Recovery hatchery programs, which are typically managed under a strong scientific framework and tend to be highly monitored, unsurprisingly reported the lowest levels of adverse effects on wild populations:  30% were found to have adverse effects, while 41% were either indeterminate or had no effect, and 29% provided benefits to wild populations.  

Looking at the literature broadly, the coauthors found that the vast majority of studies focused on genetic effects between hatchery and wild fish, and that these papers primarily focused on impacts to diversity of wild salmonid populations. Of these, 84% of genetic studies focused on diversity reported adverse effects on wild populations while only 3% reported beneficial effects.  

In addition to these studies of ‘traditional genetics’, the coauthors discussed, but did not include research on the emerging field of ‘epigenetics’—where changes occur through environmental influences on how genes are expressed, not through the genetic code itself – which is increasingly recognized as an important pathway of influence on salmonids in hatcheries (Koch et al. 2023)

Following the papers on genetic effects, the ecological impacts of hatchery salmonids received the most attention in the literature. These impacts were the sole focus of 60 studies, with 73% of these finding adverse effects on wild populations. These ecological effects were most often expressed through hatchery fish preying on wild salmonids or competing with wild salmonids for food or spawning sites.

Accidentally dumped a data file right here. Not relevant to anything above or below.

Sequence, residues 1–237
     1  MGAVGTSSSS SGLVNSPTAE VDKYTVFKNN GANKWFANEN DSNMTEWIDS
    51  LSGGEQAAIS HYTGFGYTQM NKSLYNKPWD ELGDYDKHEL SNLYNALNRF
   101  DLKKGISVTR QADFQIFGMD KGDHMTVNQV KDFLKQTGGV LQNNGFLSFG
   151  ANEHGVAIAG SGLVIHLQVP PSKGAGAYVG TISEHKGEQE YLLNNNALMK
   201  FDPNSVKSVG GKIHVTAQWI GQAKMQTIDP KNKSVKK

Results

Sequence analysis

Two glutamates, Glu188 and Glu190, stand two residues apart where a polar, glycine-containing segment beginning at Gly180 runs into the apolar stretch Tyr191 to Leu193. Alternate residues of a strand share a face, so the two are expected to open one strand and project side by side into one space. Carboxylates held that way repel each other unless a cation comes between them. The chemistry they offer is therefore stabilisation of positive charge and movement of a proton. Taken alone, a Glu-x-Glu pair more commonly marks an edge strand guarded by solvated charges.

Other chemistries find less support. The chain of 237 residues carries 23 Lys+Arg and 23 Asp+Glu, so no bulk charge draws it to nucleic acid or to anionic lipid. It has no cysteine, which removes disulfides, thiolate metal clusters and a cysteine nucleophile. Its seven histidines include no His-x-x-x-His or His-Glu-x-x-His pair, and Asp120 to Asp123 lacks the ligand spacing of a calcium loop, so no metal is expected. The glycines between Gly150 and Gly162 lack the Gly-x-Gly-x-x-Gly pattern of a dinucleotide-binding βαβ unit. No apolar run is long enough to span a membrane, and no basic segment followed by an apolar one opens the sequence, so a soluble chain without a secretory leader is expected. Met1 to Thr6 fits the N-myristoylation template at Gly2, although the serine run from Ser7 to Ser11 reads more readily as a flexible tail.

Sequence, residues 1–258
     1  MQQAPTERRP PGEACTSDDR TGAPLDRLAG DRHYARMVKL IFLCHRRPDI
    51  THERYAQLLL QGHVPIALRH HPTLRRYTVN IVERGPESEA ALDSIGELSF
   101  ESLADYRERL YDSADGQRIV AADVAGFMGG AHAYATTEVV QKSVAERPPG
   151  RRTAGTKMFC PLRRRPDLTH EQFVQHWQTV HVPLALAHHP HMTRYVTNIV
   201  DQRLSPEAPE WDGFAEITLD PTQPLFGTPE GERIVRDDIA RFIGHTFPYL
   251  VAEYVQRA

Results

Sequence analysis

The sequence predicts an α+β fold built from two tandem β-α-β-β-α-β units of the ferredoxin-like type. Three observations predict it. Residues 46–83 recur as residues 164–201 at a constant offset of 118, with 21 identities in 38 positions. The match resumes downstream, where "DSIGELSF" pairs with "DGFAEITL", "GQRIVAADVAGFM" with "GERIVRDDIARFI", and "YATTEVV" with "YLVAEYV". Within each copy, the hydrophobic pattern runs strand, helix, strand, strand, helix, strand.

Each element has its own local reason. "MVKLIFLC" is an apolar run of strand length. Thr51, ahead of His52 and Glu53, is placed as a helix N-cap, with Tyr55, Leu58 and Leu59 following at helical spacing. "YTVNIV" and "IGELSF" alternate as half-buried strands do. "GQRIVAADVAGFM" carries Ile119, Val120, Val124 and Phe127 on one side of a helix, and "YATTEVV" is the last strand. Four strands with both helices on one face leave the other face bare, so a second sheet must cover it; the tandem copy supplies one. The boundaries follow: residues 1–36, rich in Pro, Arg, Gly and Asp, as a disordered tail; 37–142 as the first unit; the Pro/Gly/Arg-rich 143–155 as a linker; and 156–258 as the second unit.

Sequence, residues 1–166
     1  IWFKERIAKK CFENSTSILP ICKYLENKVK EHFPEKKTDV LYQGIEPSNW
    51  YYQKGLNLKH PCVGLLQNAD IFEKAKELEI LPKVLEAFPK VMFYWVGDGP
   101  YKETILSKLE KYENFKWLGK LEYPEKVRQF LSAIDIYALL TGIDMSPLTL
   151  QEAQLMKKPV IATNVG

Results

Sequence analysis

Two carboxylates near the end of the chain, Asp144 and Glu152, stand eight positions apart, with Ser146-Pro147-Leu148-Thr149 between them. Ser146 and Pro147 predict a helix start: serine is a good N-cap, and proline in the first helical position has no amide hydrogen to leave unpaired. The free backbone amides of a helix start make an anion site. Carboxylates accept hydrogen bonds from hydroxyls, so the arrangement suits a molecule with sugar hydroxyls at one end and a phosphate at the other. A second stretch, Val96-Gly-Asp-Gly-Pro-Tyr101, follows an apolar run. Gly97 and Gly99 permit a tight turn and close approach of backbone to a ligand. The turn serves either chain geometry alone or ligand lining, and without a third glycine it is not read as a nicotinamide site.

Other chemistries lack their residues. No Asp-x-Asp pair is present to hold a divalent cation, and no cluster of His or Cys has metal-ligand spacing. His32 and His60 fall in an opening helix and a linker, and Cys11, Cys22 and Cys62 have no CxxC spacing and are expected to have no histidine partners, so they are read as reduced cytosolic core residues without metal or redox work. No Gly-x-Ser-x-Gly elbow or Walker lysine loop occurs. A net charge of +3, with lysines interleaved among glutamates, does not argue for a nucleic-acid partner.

Phot frame divided at the waterline with a bridge and rocks at the top and below the blue water many dozen pink salmon swim.
Pink (humpy) salmon migrating up Sargent Creek on Kodiak Island. USFWS/K.Mueller

Ocean Hatchery Impacts and Further Research Needs 

There is a growing awareness among scientists that the ecological impacts of large-scale hatchery releases of Pink and Chum Salmon in Alaska, Russia and Japan are affecting wild salmonid productivity in the Pacific Ocean. The literature review included 23 publications on marine hatchery impacts and the coauthors identified the topic as one needing further research. The included papers focused primarily on the increase in competition in the ocean food web, which impacts wild salmon populations in the form of reduced growth rates, body size and fecundity, delayed maturation, lower productivity and survival, and fewer returning wild fish. 

The included studies focused on hatchery effects on local populations in marine waters and the total salmon density effects in the ocean. Similar to the overarching results of the review, 77% of these studies showed adverse effects on local wild populations, while an overwhelming 90% of the studies looking at total salmon density in the ocean found adverse effects on wild salmonids.